- This allowed us to scale the number of apps that can share the underlying k8s compute infrastructure, while servicing a range of different DS/ML use cases.
3. Avoid Tooling Viscosity
- One of the concerns we faced when attempting to use other more featured WMFs is the viscosity (aka: “thick, sticky, and semi-fluid”) of the data job testing process.
- By providing a minimal interface to the workqueue system the developer/DS member is free to include/exclude components as they see fit.
- Instead of making integration tests rely on other components that manage the workflow, the developer can fully manage simple scenarios on their dev machine, without having to touch multiple systems, with a net effect of increasing the fluidity of the development process.
4. Not All Use Cases Can Be k8s-workqueue Jobs
- By explaining the limitation of the Cron methods, we were able to determine the apps that can live with this flexibility-reliability tradeoff.
- The velocity of some projects have increased greatly due to the independence of the code paths, when the SLA requirements fit the k8s-workqueue guarantees.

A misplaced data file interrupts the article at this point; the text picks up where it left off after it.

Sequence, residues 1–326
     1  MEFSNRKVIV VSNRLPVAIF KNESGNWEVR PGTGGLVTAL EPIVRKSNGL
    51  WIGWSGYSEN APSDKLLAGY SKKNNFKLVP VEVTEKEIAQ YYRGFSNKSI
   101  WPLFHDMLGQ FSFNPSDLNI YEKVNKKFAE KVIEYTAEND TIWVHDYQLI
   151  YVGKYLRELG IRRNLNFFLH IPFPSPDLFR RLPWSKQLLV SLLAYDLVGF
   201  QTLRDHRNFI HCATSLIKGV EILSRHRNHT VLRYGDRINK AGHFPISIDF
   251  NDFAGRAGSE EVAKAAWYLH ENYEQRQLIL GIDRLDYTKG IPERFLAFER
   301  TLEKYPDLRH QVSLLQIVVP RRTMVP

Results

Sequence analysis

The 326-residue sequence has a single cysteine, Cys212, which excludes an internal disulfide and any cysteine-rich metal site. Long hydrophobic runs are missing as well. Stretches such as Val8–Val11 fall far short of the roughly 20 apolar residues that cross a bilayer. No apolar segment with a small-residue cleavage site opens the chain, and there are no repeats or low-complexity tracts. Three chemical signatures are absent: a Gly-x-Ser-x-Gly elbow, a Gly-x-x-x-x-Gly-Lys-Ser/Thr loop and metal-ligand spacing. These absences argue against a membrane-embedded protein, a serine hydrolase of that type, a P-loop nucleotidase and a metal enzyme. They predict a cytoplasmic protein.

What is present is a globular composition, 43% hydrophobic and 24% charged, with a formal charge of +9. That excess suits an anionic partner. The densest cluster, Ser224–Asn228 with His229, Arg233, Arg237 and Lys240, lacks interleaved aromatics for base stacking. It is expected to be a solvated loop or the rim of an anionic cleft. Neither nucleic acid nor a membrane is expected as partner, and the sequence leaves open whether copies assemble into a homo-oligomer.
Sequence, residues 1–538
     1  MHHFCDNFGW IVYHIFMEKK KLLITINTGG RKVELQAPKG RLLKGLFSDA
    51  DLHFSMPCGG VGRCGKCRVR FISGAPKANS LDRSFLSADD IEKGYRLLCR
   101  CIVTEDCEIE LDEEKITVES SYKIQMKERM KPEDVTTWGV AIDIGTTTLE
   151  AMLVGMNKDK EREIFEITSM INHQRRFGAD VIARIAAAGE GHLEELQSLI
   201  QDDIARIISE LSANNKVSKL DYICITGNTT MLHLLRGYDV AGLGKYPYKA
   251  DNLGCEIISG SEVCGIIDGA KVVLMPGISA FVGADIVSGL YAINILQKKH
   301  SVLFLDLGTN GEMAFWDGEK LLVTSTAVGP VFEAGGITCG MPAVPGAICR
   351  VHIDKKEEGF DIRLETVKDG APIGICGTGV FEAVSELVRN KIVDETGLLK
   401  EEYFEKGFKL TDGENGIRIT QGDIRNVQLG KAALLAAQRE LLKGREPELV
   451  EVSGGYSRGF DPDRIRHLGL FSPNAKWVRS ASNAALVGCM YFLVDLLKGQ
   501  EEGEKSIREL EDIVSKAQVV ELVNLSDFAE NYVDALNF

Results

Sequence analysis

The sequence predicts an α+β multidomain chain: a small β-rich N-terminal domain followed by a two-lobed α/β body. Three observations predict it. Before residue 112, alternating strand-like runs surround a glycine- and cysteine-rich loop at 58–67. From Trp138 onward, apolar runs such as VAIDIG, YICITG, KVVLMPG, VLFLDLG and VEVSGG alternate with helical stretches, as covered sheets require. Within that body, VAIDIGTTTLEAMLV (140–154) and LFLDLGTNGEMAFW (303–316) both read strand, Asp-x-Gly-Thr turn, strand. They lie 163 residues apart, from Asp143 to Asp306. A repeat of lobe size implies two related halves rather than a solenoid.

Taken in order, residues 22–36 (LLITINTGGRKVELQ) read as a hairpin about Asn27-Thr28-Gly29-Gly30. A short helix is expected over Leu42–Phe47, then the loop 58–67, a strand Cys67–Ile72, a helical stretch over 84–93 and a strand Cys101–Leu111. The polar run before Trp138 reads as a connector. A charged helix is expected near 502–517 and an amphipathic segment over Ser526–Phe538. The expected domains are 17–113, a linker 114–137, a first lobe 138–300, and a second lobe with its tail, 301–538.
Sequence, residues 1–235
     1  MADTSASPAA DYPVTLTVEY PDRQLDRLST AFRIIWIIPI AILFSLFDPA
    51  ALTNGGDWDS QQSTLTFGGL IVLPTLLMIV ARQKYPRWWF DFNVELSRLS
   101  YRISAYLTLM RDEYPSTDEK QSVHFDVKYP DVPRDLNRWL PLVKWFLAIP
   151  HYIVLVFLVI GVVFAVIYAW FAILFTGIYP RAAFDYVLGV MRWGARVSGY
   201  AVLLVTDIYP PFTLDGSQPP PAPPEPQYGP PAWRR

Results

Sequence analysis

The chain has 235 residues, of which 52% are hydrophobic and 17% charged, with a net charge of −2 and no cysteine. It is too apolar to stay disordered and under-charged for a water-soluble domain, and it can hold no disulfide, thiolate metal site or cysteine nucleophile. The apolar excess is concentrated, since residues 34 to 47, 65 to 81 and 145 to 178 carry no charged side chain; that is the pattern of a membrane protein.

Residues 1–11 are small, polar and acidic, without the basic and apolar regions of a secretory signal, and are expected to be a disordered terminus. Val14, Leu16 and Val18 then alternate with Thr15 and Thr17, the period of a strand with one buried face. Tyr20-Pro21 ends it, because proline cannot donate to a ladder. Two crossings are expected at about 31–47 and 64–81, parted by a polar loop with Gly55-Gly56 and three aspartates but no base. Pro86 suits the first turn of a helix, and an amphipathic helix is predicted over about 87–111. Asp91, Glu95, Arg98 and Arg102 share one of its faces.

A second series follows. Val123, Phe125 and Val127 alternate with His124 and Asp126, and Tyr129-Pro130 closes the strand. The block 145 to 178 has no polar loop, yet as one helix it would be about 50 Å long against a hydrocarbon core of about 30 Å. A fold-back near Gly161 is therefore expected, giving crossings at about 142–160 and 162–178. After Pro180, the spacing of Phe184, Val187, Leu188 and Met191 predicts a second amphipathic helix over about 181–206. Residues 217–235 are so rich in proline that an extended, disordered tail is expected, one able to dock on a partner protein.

- Other jobs that needs higher level of support are redirected to more fully featured internal WMF systems.
5. Simplicity Drives Adoption
- The main goal of this system was to simplify the process of the bringing prototypes into production. This allowed us to train and rapidly onboard non-engineering specific team members on production cutting edge technology and tools.
- The minimal interface between the developer and the scheduling backend/cluster made it very intuitive for the users to onboard.
- The ability to incrementally include pieces of the system, by being able to fully test all their pipeline components on their laptops/dev machines, encouraged experimentation and adoption of this system’s functionality.
In this blog post we presented our k8s-workqueue system, a pluggable scheduling mechanism on Kubernetes clusters that combines features of traditional VMs, standalone Docker containers, and the Kubernetes API. The simplicity of this system has provided our Data Science team members with an easy transition path from research to prototype to production workloads. We hope that other teams, in the growing Kubernetes open source community, will be able to integrate some of the lessons we learnt along the way in their own data science platforms. There you have it, thanks for reading.
Parts of this work was presented at PAPIs Latam 2019.
We would like to thank these people that helped us make this project a success: Andrew Davidoff, Ashutosh Sanzgiri, Chinmay Nerurkar, Rebecca Conneely, Mark Ha, Donny Yung, Weston Jackson, Ron Lissack.
Hidden Technical Debt in Machine Learning Systems D.Sculley et al. Google
Scaling Machine Learning as a Service Li Erran Li et al. Uber
Lessons Learned from Building Scalable Machine Learning Pipelines Moussa Taifi, Tian Yu, Yana Volkovich